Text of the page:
Air Exchange and PM2.5 Variation of Indoor Environment


Student thesis: Doctoral Thesis

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Award date24 Dec 2019


In most countries, people spend more time indoors than outdoor, so indoor exposure to air pollutants is important for human-health. This dissertation uses both experimental and modeling methods to evaluate particle exchange and variations.

Indoor air quality is dependent on outdoor air pollution as air transfers indoors, and it is this process that forms the central concern of this thesis. Both natural ventilation and HVAC systems typically influence the indoor air quality. Annual measurements of indoor and outdoor PM2.5 and thermal comfort in eight different commercial buildings of Hong Kong provided a view of indoor and outdoor particles concentrations. A daily cycle of both indoor and outdoor PM2.5 concentration was observed although it showed variations with different seasons under the HVAM system. Higher PM2.5 I/O ratio was observed for unoccupied conditions under natural ventilation. When all windows and doors are closed to minimum ventilation rate, the infiltration rate and air tightness are important because they affect energy use and the rate of pollutant infiltration. Ten different residential apartments of Hong Kong are tested to measure air tightness using the blower-door measurements. Large variations in air change rate at 50 Pa (4-26 ACH) were found in the apartments dependent on their characteristics (building year, location etc).

As outdoor air pollutants influence indoor air, Chinese New Year (CNY) with a sudden peak in firework particles to provides a good example to explore how such events influence interiors. Indoor/outdoor measurement of PM2.5 in Guangzhou, from before over CNY 2019, along with CO2 concentrations (decay-rebound method) allow PM2.5 deposition to be measured and show variation due to weather conditions.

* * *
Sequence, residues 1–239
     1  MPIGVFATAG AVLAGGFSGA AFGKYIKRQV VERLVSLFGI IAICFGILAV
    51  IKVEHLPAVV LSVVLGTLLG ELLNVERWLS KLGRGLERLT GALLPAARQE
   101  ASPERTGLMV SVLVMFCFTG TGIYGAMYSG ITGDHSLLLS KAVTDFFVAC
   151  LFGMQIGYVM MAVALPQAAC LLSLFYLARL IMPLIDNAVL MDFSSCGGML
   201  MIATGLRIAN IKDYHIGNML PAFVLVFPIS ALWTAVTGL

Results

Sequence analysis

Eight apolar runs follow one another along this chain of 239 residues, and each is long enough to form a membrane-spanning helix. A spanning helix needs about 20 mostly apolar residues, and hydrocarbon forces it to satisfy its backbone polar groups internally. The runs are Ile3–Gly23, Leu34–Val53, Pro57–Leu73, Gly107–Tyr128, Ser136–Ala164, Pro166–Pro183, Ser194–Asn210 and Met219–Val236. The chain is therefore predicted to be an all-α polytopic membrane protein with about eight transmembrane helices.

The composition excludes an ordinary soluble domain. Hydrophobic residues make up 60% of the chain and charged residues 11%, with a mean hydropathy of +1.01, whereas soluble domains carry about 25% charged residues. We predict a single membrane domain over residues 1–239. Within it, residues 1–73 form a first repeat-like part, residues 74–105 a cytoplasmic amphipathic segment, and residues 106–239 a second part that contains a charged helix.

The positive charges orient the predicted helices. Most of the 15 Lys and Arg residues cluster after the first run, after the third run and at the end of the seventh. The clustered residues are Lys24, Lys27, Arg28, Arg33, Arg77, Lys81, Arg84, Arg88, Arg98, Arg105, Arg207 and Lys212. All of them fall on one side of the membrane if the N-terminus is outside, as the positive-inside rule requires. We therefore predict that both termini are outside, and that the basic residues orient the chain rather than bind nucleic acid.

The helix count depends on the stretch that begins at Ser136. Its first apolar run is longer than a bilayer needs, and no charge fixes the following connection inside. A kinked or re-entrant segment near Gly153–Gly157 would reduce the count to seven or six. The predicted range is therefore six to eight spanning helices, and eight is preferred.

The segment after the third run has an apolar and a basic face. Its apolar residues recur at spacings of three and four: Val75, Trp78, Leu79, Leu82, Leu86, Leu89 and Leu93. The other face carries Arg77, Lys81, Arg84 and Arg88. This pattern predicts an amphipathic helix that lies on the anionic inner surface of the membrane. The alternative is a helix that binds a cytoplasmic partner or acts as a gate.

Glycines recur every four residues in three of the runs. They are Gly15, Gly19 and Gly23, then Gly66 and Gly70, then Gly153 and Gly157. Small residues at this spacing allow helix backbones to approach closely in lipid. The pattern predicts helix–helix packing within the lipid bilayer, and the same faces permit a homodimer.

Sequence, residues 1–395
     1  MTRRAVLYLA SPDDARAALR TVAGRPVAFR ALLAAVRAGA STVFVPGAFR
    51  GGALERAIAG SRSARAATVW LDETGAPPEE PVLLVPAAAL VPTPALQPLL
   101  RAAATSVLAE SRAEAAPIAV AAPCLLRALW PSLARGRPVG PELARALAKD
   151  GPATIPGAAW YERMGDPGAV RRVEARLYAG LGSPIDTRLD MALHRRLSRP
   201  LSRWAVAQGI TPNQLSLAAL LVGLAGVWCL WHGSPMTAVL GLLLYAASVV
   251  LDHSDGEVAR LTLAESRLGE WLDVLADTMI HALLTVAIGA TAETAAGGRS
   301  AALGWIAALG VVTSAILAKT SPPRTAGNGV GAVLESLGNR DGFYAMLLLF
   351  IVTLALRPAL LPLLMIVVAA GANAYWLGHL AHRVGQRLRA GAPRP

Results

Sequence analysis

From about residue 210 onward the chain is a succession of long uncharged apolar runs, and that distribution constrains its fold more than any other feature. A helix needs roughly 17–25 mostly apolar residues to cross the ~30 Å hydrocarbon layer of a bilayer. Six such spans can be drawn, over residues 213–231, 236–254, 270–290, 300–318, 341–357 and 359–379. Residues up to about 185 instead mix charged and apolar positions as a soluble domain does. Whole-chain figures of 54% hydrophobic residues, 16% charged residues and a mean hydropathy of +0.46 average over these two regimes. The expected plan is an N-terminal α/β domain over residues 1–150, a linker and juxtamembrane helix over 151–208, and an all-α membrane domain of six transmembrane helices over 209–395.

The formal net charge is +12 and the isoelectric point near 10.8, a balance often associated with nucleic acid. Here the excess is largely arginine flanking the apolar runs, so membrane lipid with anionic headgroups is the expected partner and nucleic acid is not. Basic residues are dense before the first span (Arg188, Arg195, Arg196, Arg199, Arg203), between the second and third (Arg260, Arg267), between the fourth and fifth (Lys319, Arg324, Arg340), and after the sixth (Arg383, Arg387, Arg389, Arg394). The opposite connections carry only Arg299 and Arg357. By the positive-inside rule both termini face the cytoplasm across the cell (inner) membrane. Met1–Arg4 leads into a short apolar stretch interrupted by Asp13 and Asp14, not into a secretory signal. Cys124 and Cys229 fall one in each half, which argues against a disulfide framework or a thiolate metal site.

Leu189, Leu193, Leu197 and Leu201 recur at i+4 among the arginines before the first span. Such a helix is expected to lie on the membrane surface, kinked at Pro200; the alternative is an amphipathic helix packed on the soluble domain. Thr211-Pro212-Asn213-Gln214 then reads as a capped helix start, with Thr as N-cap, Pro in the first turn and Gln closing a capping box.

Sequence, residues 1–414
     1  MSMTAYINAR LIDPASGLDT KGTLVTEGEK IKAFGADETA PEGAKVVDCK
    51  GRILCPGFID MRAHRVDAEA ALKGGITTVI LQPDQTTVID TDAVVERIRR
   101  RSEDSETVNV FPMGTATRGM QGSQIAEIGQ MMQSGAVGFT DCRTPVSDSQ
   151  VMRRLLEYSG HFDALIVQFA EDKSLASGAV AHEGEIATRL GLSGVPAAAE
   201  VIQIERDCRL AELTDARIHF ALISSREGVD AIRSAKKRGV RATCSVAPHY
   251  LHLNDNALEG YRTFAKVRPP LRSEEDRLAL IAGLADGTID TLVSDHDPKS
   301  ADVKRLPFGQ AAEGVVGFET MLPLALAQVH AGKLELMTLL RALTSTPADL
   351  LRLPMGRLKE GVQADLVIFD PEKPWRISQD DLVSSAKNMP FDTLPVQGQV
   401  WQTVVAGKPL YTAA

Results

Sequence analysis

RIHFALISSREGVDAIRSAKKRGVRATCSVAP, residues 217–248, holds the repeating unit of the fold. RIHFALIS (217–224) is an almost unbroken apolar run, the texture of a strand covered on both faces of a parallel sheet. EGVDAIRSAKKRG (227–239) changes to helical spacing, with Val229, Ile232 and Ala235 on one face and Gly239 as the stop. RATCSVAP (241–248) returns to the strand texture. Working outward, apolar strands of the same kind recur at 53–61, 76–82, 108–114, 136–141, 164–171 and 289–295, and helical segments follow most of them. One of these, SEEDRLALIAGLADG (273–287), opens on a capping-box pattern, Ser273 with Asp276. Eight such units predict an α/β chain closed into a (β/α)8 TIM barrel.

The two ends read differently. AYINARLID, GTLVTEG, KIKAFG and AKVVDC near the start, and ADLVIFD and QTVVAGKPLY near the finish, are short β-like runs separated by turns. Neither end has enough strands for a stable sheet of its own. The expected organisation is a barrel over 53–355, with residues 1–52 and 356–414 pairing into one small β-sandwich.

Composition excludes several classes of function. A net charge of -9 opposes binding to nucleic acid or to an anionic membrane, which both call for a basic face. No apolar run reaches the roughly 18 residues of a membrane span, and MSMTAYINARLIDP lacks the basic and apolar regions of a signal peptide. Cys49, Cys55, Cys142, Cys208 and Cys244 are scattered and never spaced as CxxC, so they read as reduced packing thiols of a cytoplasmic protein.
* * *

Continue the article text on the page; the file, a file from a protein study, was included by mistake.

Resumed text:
Variation of estimates from decay-rebound method, suggested a possible alternative method adopting a blower-door fan to determine particle deposition rates and penetration factors. Comparisons used indoor-outdoor PM2.5 concentrations, CO2 level and experimental conditions (temperature, RH etc.) in a detached naturally ventilated space. PM2.5 deposition rates and penetration factors were estimated under a variety of different indoor situations. Results illustrate that the blower-door method gives consistent values and detects subtle differences in penetration factors, compared to the decay-rebound method.

Real apartment is more complex than single rooms as they are connected with adjacent apartments and corridor areas. CONTAM modeling was used to simulate the indoor particle concentrations in a multistory building, under different indoor-outdoor pressure differences. Daily indoor PM2.5 concentrations under variable weather conditions and the effect of sources, gaps/cracks are investigated. The CONTAM modeling results are compared with measurements which show good agreement. Stack effects dominate the indoor particle accumulation when the sources come from floors below, high and constant pressure difference induce more particles indoors when the sources are in adjacent apartments on the same floor.